Who is Peta?
Peta lives with her dog in Melbourne, Australia. She describes her ethnic background as ‘Australian’: like both of her parents, Peta was born in Australia. Her primary source of income is a social security benefit for people living with a disability.* As Peta explains, because she injects drugs alone, hepatitis C isn’t at the ‘forefront of [her] head’, but she feels it ‘would be silly’ for her not to have a test for it in the future.
Peta hasn’t been diagnosed with hepatitis C and doesn’t think about it a lot. She has had tests at different health services over the years but doesn’t recall receiving her results. She explains that concerns about stigma put her off talking about her drug injecting with her doctor and other health professionals. She says that she will get a hepatitis C test soon.
While Peta recalls having a hepatitis C test while staying in the detox service, she can’t remember the details as the staff didn’t explain her results: ‘I think they did [a] blood test and checked it and then left it at that. They didn’t even get back to me and tell me that I didn’t have it, you know what I mean’.
Stigma has had a big impact on Peta. Her contact with healthcare services has been tainted by bad experiences with staff criticising her for consuming drugs: ‘Yeah, previous doctors have said, “Why the hell would you want to do that, it’s disgusting, it’s bad for you, you know, I can’t believe you are doing it”. Like, you know, [they have] really judged me about it’.
According to Peta, having healthcare professionals focus solely on her drug consumption has limited the quality of their advice and her trust in them overall: ‘So […] I have just dismissed [doctors] because every time I went in there for some issue, they all based it back to “it’s because you are using drugs”. You know, every health issue I had, they said it was because I was injecting drugs’.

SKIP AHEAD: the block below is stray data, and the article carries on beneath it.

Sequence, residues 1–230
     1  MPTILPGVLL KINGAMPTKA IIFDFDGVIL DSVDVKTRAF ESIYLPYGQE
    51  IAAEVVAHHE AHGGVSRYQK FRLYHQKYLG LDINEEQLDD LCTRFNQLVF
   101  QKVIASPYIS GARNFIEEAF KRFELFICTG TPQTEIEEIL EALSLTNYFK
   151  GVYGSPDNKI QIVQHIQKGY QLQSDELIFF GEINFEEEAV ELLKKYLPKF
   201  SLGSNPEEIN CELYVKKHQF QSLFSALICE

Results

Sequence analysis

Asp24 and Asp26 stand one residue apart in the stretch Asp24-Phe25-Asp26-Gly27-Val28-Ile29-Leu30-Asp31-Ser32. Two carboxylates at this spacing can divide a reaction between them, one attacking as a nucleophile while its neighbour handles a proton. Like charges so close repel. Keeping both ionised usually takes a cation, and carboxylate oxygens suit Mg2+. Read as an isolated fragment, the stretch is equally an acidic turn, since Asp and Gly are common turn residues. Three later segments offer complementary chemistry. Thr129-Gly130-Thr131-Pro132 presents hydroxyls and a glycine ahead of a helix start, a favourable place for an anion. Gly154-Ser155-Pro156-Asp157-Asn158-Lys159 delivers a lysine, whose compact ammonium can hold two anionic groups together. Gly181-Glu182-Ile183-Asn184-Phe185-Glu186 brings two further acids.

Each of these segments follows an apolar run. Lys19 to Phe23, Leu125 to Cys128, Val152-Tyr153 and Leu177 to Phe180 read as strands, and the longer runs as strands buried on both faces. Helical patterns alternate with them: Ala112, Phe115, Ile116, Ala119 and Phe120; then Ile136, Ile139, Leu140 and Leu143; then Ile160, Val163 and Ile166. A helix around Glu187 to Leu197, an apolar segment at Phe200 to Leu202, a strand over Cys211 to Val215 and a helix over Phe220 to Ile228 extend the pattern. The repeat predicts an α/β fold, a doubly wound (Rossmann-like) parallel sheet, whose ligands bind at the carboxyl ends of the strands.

These days Peta has a doctor she sees regularly, but says that after her experiences of stigma over the years, she doesn’t feel comfortable being completely open about her current drug consumption. This means she isn’t comfortable asking her doctor about issues related to injecting. As she puts it, ‘No, no [I don’t speak to her about injecting drugs]. When I first went to her, I mentioned it and she just said, “Well, we need to do some blood tests”, [but] I don’t know if she did hep C or not […] I said that I was an ex-user because I didn’t want to be judged, because I find there is a big stigma around it still and I don’t like being judged because of it […] That’s just the way it is at the moment, you know. It is what it is, you know, but everyone thinks you are filthy [for injecting drugs]’.
Peta says that it ‘would be silly’ for her not to have a test for hepatitis C soon, but because she injects drugs alone, it isn’t at the ‘forefront of [her] head’.
*Services Australia Disability Support Pension.
Thinking about experiences with her current doctor, Peta (F, 40, no treatment experience) explains that her concerns about stigma limited communication with her doctor.
When I first went to [my doctor in about 2015], I mentioned [my drug injecting] and she just said, ‘Well, we need to do some blood tests.’ I don’t know if she did hep C or not […] When I first went to her, I told her that I did use [but] I said that I was an ex-user because I didn’t want to be judged […] I find there is a big stigma around it still, and I don’t like being judged because of it […] So, you know, it gets hidden, and that’s probably why […] I do hide it – because of the stigma.
Peta (F, 40, no treatment experience) says that despite speaking with her doctor in the past about injecting drugs, they no longer discuss injecting or related issues such as hepatitis C. Peta has heard about the new treatment but doesn’t know any of the details.
I don’t bring the subject [of my injecting] up [any more] and she doesn’t bring the subject up, and I think she thinks I have stopped [injecting]. Unless something comes up in regards to that, you know, medically, that could be affected by [my injecting], I don’t think she will bring it up […] I do know that there have been changes [to hep C treatment], but I don’t know what they are, if you know what I mean. I don’t know anything about it.